Back Home In Northeastern Pennsylvania, Where Nature Is Putting On A Show

Back Home In Northeastern Pennsylvania, Where Nature Is Putting On A Show

PPL Wetlands (5 of 38)
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It was a wonderful two weeks, as I  had the opportunity to explore  the beauty of Africa again. It was my fourth visit to the Dark Continent.  Tanzania is a remarkable country.  Hopefully  I will get to some more blog posts from my visit soon.  It is  also great to back to my home in Northeastern Pennsylvania. There is so much beauty here in our own backyards. Anxious to return to the woodlands of my home I headed to one of my favorite hiking areas, the PPL Wetlands Preserve on Sunday morning. . It is  located about 20 miles from my house. trees on trail

It was chilly and a fog had formed along the Susquehanna River . The fog was lifting as I began my walk under the tall trees that grow along the river. 

The wetlands are so quiet now. Most of the song birds have migrated southward, and the frogs and insects are gone. Nature is settling in for it’s long winter sleep here in the mid latitudes of the Northern Hemisphere. The ponds are still covered in the deep green growth of duck weed. duckweed covered pond


The sun was evaporating the mists as I continued my hike. The sunlight revealed  how much the leaves have changed since my last visit a few weeks ago. They are no longer green leaves on trail

The reds, yellows and browns of autumn could be found on almost every tree and plant along the trail.oak leaves turning colors

I did see some wildlife as I began my walk. I scared a few deer along the trail and a large flock of wood ducks on one of the ponds. However, I wasn’t able to get any photographs of these fleeing animals. I did see a large flock of what I think were song sparrows fluttering in the sparrow in tree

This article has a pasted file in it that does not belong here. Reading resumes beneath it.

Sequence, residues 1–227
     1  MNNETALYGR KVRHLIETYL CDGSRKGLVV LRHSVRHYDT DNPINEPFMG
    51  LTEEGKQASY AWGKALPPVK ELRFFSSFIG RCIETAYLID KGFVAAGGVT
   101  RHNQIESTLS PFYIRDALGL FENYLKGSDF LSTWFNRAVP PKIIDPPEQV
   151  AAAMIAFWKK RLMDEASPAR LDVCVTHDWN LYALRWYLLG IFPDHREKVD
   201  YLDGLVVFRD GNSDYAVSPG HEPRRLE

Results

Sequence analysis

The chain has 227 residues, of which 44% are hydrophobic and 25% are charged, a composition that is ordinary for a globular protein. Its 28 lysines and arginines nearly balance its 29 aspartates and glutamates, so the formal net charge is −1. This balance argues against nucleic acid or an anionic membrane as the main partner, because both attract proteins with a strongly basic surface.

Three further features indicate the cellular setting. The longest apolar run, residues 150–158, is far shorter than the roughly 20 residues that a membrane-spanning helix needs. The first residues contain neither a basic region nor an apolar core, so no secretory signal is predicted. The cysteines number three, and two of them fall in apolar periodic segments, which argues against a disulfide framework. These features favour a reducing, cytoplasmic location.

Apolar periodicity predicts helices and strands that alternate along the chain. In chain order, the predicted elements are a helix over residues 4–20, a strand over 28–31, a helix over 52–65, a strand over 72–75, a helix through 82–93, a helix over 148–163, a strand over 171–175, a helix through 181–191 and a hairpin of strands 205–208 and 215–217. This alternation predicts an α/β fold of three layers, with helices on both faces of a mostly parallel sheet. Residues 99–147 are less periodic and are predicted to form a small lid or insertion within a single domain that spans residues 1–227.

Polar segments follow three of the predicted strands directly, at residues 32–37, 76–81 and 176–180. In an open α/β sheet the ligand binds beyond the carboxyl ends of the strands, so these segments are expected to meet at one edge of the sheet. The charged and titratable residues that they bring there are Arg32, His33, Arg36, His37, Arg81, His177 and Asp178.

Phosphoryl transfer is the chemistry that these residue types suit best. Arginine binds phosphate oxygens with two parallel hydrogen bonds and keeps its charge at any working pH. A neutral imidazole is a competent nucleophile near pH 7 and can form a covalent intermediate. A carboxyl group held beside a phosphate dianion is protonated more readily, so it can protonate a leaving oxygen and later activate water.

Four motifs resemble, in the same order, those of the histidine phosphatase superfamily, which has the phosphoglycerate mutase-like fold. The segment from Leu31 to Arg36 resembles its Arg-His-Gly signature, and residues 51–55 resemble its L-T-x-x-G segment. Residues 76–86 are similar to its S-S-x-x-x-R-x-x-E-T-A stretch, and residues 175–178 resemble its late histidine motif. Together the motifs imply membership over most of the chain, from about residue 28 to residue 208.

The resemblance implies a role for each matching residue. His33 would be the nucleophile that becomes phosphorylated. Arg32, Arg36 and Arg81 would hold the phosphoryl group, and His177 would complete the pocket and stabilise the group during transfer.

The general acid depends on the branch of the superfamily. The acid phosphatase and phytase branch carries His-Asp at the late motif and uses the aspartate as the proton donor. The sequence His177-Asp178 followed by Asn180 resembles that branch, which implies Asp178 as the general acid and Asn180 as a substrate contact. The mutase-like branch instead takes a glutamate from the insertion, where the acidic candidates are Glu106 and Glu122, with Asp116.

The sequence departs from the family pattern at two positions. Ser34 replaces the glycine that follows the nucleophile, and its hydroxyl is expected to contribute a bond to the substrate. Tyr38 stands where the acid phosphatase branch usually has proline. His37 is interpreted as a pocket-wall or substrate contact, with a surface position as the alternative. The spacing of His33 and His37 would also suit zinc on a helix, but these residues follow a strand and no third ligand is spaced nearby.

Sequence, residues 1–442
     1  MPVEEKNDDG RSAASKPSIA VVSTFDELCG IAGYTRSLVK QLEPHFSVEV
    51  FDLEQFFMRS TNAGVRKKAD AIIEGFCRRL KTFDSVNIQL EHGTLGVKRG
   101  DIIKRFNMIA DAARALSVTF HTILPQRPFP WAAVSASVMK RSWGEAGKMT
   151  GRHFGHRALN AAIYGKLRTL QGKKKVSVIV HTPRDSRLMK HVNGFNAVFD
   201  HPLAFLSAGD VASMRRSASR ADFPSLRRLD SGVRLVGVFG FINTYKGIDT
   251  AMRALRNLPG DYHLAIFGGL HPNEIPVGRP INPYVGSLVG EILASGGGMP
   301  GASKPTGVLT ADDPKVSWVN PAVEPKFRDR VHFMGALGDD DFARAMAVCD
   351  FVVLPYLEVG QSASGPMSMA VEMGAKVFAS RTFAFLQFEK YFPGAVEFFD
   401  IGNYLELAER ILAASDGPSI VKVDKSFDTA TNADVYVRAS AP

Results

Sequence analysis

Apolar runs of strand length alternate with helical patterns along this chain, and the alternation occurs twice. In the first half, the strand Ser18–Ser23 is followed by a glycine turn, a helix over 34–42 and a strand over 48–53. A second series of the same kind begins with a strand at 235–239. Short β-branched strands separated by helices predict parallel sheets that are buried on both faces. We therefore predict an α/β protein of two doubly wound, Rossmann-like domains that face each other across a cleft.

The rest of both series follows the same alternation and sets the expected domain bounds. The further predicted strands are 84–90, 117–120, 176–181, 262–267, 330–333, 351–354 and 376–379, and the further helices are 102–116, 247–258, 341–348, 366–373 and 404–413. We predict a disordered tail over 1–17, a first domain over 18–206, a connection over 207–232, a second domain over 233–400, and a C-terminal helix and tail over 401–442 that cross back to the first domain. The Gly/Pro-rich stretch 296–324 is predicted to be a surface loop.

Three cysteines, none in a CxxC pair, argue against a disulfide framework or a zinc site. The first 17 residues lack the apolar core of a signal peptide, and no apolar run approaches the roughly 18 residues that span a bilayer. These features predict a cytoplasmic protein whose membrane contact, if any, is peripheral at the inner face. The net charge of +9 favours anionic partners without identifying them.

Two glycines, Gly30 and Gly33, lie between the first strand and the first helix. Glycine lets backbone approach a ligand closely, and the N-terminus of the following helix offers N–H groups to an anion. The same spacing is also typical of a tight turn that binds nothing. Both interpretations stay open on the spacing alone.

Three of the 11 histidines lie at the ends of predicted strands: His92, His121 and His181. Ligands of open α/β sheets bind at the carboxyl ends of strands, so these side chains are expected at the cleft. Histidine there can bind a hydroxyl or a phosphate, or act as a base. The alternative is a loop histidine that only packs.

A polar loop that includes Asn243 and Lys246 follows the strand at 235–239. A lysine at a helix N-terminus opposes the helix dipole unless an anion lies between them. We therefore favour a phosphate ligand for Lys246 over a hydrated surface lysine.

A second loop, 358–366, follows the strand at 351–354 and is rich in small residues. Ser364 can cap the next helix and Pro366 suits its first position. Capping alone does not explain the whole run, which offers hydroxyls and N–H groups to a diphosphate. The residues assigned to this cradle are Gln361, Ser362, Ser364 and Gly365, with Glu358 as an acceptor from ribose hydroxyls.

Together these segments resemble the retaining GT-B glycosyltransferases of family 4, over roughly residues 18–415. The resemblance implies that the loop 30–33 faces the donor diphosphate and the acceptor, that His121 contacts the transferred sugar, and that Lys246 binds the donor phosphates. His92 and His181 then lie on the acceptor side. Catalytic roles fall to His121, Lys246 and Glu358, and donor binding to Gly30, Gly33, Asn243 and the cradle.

There were also large flocks of this bird flying through the wetlands. There must have been hundreds of them. 

I was disappointed that I wasn’t able to see any of the usual winter resident birds that stay here all year, including the nuthatches, black capped chickadees, woodpeckers, and juncos. There were still some wild flowers in bloom, including many wild aster, and daisy like flowers. 

And were there are flowers there are butterflies. Well only one butterfly, this monarch butterfly was still here, Most of its kin have also migrated south to warmer climes. 

The mid October sun was shining brightly as I approached Lake Took-A-While on my walk.

The geese and kingfishers, which have lived on the lake all summer, were gone but there was still a great blue heron searching for fish along its shore. 

The milkweed pods  along the trail have gone to seed and the delicate seeds were now being carried in the wind.

Along the lake I also saw a large flock of wrens that also must have been migrating south. 

I only walked five miles on Sunday , I had just arrived from my Africa trip late the previous evening. I had about four hours sleep and was experiencing some serious jet lag. It was time to head home. Africa was exotic and beautiful but so are the woods of Pennsylvania. There is beauty all over this wonderful  blue planet we share. We must. all of us, work together to protect it. Here is a link to some more photographs from my hike. PPL Wetlands hike October 13 2019

“Love the trees until their leaves fall off, then encourage them to try again next year.”– Chad Sugg

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